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jwrich

Death of the Red Baron

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A friend emailed this link. It is interesting, using Rise of Flight, someone put a lot of work into it .

 

 

 

 

 

 

 

Rich

Edited by jwrich

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That guy, sirgisbod, is a very good "film maker" - well done!

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Don't think I've ever seen RoF looking better, but not sure about the film in close detail. Didn't Brown dive on MVR rather than pursue him in level flight, and have to pull away or risk hitting the deck, leaving MVR to pursue May for a few shots before he suddenly turned and landed, fatally wounded, but alive when the troops reached him, if only for long enough to utter the word Kaputt?

 

It's a beautiful film, and very well made, but I don't think he'd seen Podkin's map of the incident.

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I had seen this some time back. If you check out his channel he also did a piece on Mannock and Voss which are well done.

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Buggsy opined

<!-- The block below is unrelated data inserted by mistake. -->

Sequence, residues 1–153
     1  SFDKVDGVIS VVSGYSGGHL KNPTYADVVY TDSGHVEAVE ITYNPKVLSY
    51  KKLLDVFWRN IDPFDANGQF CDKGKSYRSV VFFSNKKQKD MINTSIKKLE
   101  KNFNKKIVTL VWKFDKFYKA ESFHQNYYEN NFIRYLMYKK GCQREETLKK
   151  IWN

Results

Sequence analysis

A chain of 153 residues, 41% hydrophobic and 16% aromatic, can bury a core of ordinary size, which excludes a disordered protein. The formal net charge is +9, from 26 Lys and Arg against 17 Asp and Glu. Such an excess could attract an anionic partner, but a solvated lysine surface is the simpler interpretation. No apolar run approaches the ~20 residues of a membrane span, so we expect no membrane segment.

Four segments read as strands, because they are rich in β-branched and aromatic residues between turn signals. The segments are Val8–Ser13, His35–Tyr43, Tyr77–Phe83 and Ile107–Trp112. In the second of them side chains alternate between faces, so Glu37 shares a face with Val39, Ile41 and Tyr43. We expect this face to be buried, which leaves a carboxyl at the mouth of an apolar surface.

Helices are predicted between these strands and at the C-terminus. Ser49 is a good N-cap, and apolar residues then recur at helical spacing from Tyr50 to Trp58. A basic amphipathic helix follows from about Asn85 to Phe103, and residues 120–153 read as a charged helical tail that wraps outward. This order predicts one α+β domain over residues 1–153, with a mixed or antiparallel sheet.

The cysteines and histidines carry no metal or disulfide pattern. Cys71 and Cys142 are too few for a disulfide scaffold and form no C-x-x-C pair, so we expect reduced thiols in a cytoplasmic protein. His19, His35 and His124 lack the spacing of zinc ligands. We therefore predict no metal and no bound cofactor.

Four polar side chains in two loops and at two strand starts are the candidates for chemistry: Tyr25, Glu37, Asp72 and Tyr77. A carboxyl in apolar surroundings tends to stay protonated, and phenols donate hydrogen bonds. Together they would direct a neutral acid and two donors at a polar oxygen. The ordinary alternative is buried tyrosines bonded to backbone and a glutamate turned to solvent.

We'll never know for sure who fired the Deadly Bullet. Because with Forensic Science as it exists today, could determine where the bullet came from by comparing the position of the hole in the fusilage to the location of the entrance wound in the body

 

But that DR1 was torn to bits by the souvenir hunters of the day

Norman Franks & Alan Benett did a pretty fair analysis in their 1997 title The Red Baron's Last Flight : A Mystery Investigated

 

 

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After much research I have come to the conclusion that UK_Widowmaker did it .

 

The attached is proof positive .

 

 

 

WOOF

 

 

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Yes, Flyby, Brown made one diving pass and left, never to return. He did not pursue MvR.

 

In my view the evidence concludes Brown did not fire the killing shot, and it's speculative that Brown even hit MvR's plane anywhere. Also, it's doubtful that MvR saw/noticed Brown's attack. Initially in my book about Richthofen I made the bold decision not to mention Brown at all because, as I say, if I mentioned every guy who took a shot at Richthofen and did not kill him, the book would have been 2,000 pages long! In the end, I (very) briefly mentioned Brown, only because he did make an attack, after all, but more so because the myth of his attack has become part of the history; it's become more noteworthy than the attack itself.

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Yes, Flyby, Brown made one diving pass and left, never to return. He did not pursue MvR.

In my view the evidence concludes Brown did not fire the killing shot, and it's speculative that Brown even hit MvR's plane anywhere. Also, it's doubtful that MvR saw/noticed Brown's attack.